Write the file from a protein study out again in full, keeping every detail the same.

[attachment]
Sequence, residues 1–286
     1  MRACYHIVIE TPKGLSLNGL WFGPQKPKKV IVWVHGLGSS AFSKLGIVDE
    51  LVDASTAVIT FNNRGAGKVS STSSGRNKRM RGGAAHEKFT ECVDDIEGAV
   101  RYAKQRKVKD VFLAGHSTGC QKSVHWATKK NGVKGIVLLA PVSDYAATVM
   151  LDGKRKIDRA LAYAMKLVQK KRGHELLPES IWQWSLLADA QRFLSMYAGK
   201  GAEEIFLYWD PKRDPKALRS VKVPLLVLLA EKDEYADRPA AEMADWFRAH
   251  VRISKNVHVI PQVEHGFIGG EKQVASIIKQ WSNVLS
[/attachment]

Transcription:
Sequence, residues 1–286
     1  MRACYHIVIE TPKGLSLNGL WFGPQKPKKV IVWVHGLGSS AFSKLGIVDE
    51  LVDASTAVIT FNNRGAGKVS STSSGRNKRM RGGAAHEKFT ECVDDIEGAV
   101  RYAKQRKVKD VFLAGHSTGC QKSVHWATKK NGVKGIVLLA PVSDYAATVM
   151  LDGKRKIDRA LAYAMKLVQK KRGHELLPES IWQWSLLADA QRFLSMYAGK
   201  GAEEIFLYWD PKRDPKALRS VKVPLLVLLA EKDEYADRPA AEMADWFRAH
   251  VRISKNVHVI PQVEHGFIGG EKQVASIIKQ WSNVLS